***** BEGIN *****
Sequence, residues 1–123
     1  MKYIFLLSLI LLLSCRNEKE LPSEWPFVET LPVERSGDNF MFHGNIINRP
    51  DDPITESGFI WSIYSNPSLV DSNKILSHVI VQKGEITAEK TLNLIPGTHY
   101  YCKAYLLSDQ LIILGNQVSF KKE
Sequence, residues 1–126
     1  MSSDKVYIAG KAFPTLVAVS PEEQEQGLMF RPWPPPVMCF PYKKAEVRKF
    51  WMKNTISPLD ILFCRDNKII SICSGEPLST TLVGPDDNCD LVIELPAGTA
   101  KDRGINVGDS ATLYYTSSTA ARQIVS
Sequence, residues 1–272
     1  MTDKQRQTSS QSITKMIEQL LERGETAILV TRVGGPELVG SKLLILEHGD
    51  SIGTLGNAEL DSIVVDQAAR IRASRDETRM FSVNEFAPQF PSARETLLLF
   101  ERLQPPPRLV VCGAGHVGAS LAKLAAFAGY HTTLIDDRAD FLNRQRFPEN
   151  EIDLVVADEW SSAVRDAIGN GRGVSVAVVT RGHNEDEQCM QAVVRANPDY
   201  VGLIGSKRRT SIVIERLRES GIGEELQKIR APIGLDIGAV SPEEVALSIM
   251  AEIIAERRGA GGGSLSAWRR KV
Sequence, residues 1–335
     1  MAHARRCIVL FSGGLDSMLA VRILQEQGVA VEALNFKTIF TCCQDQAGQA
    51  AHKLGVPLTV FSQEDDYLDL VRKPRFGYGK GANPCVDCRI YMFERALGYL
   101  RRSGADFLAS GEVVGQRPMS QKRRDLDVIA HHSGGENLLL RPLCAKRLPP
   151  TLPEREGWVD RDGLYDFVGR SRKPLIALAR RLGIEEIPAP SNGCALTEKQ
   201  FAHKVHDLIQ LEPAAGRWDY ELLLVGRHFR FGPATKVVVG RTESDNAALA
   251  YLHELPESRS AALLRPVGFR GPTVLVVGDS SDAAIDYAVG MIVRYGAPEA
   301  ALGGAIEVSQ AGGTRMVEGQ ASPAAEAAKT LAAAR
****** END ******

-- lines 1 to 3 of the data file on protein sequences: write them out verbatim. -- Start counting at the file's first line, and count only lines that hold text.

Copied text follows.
Sequence, residues 1–123
     1  MKYIFLLSLI LLLSCRNEKE LPSEWPFVET LPVERSGDNF MFHGNIINRP
    51  DDPITESGFI WSIYSNPSLV DSNKILSHVI VQKGEITAEK TLNLIPGTHY